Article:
Wednesday, August 05, 2009
My Review: Masonry Unmasked
Okay, I'm nosey, I'll admit it. Tell me that something is a secret, and I want to know it, even if I really don't care about it. That was kind of my attitude when I saw Masonry Unmasked offered by The Catholic Company's Review Program. The fraternity handbook was now made public, and I wanted to read it, even though I figured that the secrets would be little more than secret handshakes or symbols, passwords or other foolishness designed to make some insiders and the rest of the world, outsiders. To that extent, I was not disappointed in the book. The author, a Catholic who used to be a Mason, told us about their initiation rituals, handshakes, oaths and passwords. However, that's not really the main focus of this book.
John Salza's main thesis is that no Christian, especially no Catholic Christian, should be a Mason. His reason? According to him (and the book is extensively footnoted), Masonry isn't just a social club, it is a religion, a religion that is not compatible with Christianity. Salza takes a look at the beliefs of Masonry as expressed in their rituals and writings and compares them to Catholicism (and again he footnotes his sources regarding Masonry and quotes the Catechism of the Catholic Church) and concludes that Masonry sees all world religions as equal, denies the need for Christ and teaches that Masons earn their salvation totally by their own efforts. Further, he points out that initiates are not given the tenets of Masonry prior to the initiation ceremony so that they are able to review and reflect upon them; rather those beliefs are revealed at the ceremony, while the initiate is in a vulnerable situation, and he is asked to swear an oath to accept the beliefs and keep the secrets.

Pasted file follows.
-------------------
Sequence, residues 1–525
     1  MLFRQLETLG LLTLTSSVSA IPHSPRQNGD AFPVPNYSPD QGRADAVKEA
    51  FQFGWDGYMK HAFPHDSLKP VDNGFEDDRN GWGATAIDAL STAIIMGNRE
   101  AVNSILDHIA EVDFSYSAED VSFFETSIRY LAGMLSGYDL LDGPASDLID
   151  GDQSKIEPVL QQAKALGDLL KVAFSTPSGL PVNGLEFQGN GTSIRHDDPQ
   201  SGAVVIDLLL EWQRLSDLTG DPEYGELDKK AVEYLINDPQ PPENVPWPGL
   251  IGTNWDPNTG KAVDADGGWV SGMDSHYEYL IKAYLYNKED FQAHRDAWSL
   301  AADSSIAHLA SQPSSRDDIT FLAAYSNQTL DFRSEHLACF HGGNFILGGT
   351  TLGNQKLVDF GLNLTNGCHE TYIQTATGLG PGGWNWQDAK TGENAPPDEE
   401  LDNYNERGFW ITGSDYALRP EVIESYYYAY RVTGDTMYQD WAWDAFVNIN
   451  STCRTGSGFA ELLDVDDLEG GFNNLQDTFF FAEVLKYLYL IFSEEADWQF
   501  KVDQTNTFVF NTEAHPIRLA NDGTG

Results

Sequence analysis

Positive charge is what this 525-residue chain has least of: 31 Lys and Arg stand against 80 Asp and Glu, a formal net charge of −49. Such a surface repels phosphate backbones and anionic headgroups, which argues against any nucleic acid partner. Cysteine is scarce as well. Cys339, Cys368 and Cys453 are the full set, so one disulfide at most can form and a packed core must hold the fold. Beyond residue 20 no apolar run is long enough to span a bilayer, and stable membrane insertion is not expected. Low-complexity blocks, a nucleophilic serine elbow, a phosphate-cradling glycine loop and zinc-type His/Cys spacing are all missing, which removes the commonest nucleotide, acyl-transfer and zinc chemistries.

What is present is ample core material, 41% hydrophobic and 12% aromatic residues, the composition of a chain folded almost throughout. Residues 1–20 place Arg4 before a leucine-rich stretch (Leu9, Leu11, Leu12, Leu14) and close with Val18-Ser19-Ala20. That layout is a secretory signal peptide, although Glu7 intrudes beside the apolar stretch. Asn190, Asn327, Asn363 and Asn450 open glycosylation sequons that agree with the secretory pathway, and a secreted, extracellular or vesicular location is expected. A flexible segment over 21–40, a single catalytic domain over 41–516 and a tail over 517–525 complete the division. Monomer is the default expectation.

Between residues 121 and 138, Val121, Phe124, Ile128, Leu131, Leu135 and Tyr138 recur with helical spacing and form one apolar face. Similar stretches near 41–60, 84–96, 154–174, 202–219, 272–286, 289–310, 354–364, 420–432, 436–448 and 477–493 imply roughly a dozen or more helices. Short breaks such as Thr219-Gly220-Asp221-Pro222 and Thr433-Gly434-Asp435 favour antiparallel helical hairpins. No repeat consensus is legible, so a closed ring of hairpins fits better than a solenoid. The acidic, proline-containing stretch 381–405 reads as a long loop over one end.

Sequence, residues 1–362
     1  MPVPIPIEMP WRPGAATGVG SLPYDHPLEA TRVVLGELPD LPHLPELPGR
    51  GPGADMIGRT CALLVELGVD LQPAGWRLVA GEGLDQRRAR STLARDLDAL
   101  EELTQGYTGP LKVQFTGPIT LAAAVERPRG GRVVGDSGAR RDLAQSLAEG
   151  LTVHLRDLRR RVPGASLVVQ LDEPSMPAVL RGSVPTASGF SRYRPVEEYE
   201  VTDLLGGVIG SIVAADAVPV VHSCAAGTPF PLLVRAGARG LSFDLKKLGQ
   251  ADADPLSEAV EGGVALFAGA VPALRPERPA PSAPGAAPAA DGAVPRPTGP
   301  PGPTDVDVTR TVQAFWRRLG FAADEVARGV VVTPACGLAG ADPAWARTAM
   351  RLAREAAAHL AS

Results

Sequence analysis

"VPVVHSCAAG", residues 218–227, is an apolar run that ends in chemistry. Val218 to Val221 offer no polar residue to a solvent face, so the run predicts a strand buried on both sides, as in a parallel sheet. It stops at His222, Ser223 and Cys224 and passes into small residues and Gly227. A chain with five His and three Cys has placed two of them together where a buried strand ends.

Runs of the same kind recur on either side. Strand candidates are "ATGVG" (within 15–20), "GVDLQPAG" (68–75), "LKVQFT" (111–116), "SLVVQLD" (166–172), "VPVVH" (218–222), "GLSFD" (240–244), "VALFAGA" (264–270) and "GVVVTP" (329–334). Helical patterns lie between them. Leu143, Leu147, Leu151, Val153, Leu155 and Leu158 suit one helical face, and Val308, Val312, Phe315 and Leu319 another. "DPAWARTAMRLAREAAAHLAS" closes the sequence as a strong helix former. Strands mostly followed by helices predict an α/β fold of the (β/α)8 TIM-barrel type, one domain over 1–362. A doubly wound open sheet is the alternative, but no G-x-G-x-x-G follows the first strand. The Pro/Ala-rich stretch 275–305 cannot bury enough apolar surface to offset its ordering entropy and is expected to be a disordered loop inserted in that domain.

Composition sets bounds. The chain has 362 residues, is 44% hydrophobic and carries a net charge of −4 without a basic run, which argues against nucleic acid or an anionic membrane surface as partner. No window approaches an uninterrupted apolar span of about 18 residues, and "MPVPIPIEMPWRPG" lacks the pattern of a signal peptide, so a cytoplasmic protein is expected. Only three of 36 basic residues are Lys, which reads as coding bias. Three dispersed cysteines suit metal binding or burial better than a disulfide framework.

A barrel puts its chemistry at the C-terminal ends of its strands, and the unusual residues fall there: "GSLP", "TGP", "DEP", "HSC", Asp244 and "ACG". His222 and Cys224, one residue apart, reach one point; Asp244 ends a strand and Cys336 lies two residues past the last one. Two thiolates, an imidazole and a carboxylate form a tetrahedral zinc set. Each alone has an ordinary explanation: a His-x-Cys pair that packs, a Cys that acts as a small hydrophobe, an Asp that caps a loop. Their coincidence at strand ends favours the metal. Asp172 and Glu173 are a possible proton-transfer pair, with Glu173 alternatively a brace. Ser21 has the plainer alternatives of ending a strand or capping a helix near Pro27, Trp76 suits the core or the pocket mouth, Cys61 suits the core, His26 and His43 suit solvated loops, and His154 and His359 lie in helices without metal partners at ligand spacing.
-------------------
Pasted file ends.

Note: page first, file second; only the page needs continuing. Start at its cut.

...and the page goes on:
In addressing the topic of why many Christians are Masons, Salza points out that many join for the fellowship, social and business opportunities. The only ceremonies they observe and the few in which they participate; hence they have only a rudimentary idea of the beliefs of the lodge, which I'd sum up as "American civil religion", namely believe in God (as you understand Him) and do good and let me do the same. Though they swore an oath by God, they don't really consider the ramifications.
While some of the review of Masonic beliefs and Salza's comparisons of them to Catholicism got a little tedious, this was an interesting book about a group that plays an important part in many American communities (and it was kind of fun learning about their "secret" handshakes).
To purchase this book, click here.